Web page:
T Minus One Day

Following on from yesterdays safety awakening we spent this morning preparing our pieces of protection to cover our most exposed joints when sliding. With our luxury and expensive protective materials (camping mat, £5) we cut out small pieces and shaped it around our ankles, knuckles, wrists, elbows and some padding on our upper arm. It is inevitable that being such novices of the sport, we are going to be taking hits. Many hits. And hard. Come back from the hotel for a 45min chill period before we went to the ice track. Spent our time talking about where we was or what we were doing when we received our Phase 4 confirmation emails – a mixture of being with friends, work colleagues or actually working – it was nice to reminisce and again realise how far we had come. We also discovered a couple of random facts about each other and Ash’s is worth a mention, a “slight obsession with lamp shades”, which predominantly involves how well a room is lit and across the spectrum of information to the bulb colour. He was already on edge that the two light shades in our living room are different colours. Smooth Ash. Smooth.

Ash and the discriminated shades

Late morning came and we arrived at the track. Icers onto our feet to stop us slipping and we were off. Walking down the ice, listening intently to Woody as he gave us some basic yet key information that will help us cope with the bigger corners. This process over the next two weeks (and the next 3 months for those who make selection) will very much be a layered experience. Drip fed information so that we can manage it and learn, then build upon our knowledge and experiences to better our performances. How very structured. So to summarise todays key learning: Corner 6 – right steer, left shoulder press; Corner 10 – left steer, right shoulder press (put chin on ice); Corner 12 – right steer, left shoulder press; Corner 13 – left steer, right shoulder press. The rest is about holding form and enjoying the ride!

Track walk

This afternoon was pretty cool. We had tickets to the World Cup Ski Jumping. I have not really given any background information about where we are in Norway, but we are based just outside of Lillehammer and the facilities for the winter sports here are still used from the 1994 Winter Olympic Games. And the Ski Jumping arena was no different. What an incredible sport and once again, pictures and videos do not do this sport justice. The steepness of the hill is outrageous (my HR soared when climbing the steps up) and how the athletes have the bravery to launch themselves out into the air is beyond me – then again, people say the same about the sport I am about to try so I am probably on their wavelength.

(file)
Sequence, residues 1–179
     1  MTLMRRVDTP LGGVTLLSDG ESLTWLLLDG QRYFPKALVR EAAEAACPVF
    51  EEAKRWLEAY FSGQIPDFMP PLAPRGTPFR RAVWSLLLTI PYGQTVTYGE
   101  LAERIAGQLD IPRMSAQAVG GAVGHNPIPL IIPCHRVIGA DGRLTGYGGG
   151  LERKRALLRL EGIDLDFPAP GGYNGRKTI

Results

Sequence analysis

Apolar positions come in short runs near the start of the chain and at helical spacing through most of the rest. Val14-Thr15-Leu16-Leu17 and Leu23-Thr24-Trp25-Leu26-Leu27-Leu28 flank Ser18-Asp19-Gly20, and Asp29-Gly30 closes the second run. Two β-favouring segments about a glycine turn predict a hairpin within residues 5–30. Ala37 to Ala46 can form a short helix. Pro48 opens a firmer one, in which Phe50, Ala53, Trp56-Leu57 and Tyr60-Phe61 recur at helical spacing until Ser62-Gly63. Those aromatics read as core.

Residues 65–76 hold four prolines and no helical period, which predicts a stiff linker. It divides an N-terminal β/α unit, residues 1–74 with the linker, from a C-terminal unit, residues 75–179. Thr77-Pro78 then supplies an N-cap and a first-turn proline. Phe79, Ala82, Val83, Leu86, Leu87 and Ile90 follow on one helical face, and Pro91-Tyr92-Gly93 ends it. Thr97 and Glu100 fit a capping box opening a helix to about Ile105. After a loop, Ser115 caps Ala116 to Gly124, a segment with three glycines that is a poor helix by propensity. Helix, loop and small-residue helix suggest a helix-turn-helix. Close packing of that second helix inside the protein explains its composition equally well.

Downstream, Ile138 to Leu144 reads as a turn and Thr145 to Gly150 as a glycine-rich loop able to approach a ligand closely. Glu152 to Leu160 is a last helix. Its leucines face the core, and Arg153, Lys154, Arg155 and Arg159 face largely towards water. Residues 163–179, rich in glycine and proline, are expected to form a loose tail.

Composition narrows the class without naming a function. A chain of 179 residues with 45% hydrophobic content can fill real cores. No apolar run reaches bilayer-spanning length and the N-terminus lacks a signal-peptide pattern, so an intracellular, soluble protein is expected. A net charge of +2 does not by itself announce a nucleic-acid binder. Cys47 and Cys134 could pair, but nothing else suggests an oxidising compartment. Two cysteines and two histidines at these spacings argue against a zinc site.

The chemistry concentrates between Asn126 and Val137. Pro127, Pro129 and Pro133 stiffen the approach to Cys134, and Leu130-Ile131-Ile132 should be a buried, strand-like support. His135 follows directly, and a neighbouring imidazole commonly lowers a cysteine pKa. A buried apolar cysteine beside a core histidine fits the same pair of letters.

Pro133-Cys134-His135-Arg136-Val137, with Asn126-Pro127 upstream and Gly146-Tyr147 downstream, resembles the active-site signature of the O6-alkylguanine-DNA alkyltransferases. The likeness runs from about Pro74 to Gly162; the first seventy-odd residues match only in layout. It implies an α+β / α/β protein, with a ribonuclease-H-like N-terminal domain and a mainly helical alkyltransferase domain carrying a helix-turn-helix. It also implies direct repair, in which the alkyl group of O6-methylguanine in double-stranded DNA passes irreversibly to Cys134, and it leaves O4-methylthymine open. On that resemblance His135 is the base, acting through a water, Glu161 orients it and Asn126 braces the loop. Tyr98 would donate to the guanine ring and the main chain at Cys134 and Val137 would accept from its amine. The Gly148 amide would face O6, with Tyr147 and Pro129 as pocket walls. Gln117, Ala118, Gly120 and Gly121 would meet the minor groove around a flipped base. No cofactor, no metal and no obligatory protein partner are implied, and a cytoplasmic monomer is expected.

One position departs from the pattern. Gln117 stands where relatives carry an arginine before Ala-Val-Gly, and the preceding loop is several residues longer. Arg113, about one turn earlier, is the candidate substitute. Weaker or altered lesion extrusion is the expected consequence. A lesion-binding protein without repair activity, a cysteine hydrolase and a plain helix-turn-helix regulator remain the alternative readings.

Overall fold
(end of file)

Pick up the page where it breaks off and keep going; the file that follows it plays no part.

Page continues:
Back to the hotel and into the sled workshop, where Jake and I put on our attractive beige tubigrip stuffed with camping mat and we set our sleds up to practice moving our weight on the “balance point”, whilst doing some visualisation of the course when in position. Dinner led soon after, followed by a mobility session which I actually really needed as I have done no exercise since being here. I have done a huge amount of standing or sitting. Far too static for my liking. Hit the cabin for the evening where track notes are being re-written, typed or visualised, kit preparations for tomorrow are underway and some discussions about observations in the environment have taken place – which is always interesting listening to and understanding different perspectives.

Tomorrow is the big day, the day we have all been itching for, for at least four months. We all feel that we are ready to go for Day One of sliding which is a great feeling. Track walk in the morning, video session, snow chains, lunch then we load up and go. Followed by a highly anticipated ice bath, outside. Brr.

Wish me luck.

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